In order to plan your writing, you need to know how long the various bits will take you. Don’t be optimistic here. If you struggle to estimate how long a project or task takes you, start tracking the time you spend on tasks. For this, you can use the worksheet in my writing productivity toolkit that you can download here:
4. Give yourself deadlines
Most of us write better when there is a deadline to work towards. This is why deadlines should be part of your writing plan. The final deadline for submission is not enough to ensure you are productive during the whole writing process. It’s better to include several deadlines for specific goals in your writing plan.
Key here is to make yourself respect the deadlines that you set yourself. We usually take an external deadline seriously but we tend to put things off if we are the only ones involved. Therefore, I recommend communicating your deadline to somebody who will hold you accountable. This could be a peer in your research group or department, a collaborator in your writing project or a friend. Perhaps you could find an accountability partner who you could hold accountable for their tasks in return? I can help you with this too. Book a strategy session with me so we can establish some deadlines within your writing project for you that I will hold you accountable for!
5. Find your ideal writing time
How many times have you read that you need to get up at 4 am every day and write for two hours in order to get your writing done? This approach does seem to work for some people. If you aren’t a morning person, however, – I definitely ain’t – please don’t pressure yourself into this. For most scientists, writing every day won’t be necessary either.
Instead, I want you to do a little experiment. Over the course of, let’s say, two weeks try writing at different times of the day. Then assess at what time you felt most focused and efficient. That’s your ideal writing time. I made a little worksheet for you that’ll make it easy to track and rate the different hours in the day using a focus score. Download the whole toolkit here:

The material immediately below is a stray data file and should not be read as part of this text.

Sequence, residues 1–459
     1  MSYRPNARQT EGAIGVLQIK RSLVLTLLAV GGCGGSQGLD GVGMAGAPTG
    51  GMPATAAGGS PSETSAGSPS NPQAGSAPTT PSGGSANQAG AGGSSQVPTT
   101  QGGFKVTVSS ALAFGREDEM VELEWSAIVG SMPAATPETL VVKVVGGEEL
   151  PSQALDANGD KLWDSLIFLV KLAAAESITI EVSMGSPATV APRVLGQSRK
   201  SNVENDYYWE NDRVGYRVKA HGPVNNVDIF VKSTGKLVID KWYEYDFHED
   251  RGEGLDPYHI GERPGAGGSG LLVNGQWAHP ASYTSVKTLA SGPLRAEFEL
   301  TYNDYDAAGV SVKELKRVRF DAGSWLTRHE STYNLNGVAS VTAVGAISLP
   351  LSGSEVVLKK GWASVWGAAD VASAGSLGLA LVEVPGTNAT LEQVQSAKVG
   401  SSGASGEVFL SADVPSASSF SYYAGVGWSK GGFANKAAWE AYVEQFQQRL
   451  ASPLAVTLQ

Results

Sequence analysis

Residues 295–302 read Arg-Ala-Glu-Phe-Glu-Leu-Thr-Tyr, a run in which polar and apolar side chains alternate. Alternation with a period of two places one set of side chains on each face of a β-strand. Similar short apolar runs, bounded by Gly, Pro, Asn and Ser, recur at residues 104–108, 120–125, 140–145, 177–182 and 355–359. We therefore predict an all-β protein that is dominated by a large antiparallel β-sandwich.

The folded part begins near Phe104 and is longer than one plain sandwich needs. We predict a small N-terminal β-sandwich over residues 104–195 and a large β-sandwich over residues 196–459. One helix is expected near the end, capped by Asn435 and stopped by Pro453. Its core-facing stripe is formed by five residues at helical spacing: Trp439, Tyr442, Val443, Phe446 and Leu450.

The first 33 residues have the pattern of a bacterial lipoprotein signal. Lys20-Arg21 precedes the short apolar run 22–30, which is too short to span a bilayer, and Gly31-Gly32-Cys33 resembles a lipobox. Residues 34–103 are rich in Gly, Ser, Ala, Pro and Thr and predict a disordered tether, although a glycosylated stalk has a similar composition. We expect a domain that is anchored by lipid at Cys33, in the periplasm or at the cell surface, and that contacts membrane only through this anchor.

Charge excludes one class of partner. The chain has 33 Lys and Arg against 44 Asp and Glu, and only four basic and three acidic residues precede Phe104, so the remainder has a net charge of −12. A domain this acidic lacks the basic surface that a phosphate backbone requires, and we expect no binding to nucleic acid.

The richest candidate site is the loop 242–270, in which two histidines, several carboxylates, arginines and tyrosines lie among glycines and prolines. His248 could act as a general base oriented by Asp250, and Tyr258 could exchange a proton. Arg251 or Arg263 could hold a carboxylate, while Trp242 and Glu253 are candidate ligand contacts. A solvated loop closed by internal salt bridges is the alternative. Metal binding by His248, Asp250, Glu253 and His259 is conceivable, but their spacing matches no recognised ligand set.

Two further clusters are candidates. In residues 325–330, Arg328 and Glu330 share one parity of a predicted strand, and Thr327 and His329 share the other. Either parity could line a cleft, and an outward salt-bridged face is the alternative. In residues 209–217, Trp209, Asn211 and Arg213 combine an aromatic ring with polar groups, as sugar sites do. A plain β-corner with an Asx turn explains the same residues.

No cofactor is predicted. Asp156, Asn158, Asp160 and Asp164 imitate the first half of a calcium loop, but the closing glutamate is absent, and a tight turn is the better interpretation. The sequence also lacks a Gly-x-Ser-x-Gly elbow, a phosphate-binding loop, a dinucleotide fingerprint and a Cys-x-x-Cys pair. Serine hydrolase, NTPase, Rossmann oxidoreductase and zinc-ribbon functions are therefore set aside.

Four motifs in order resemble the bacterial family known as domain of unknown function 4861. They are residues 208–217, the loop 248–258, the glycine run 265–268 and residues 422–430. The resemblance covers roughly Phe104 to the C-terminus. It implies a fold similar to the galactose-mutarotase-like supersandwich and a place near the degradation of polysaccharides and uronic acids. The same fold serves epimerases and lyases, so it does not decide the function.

6. Put tasks on your to-do list, not a project
This is where many people get frustrated: They put “Write paper” or “Write grant proposal” on their daily to-do-lists. The problem with this is that you will likely get frustrated because you can’t tick it off in the day. I learned this from the amazing Dr. Cathy Mazak who is a writing coach for academic women. Go check her out if you haven’t yet.
When you prepare your to-do list for the day, put tasks on your to-do list that you will be able to finish that day. For example, put “write a rough draft of the discussion section”, “cross check all references” or “proof-read results section” on your list. The more specific you can be – the better.
There you have it. These are the first six strategies I have for you to help you write productively. Can you start to implement one of these today? Download your scientific writing productivity toolkit and get started.
I recommend playing around with the various bits of advice and tools before you read the second part of this writing productivity mini-series that I will release in two weeks’ time.
Ultimately, you have to see what works best for you. When you hit a wall and need some assistance for your personal writing productivity challenges, book a strategy session with me right away! I’ll help you save time and feel good about it.
About the Author:
I’m Anna Clemens, a scientific editor and writing coach for scientists. I give workshops about scientific writing, offer strategy calls and edit papers and proposals. I’d love to work with you, please click here for more information.
I also regularly blog about scientific writing and write articles about science for magazines and websites. I hold a PhD in Chemistry/Materials Science.
When I’m not at my desk, I’m probably out and about with my dog and assistant Zuza.
Twitter handle: @annacle_science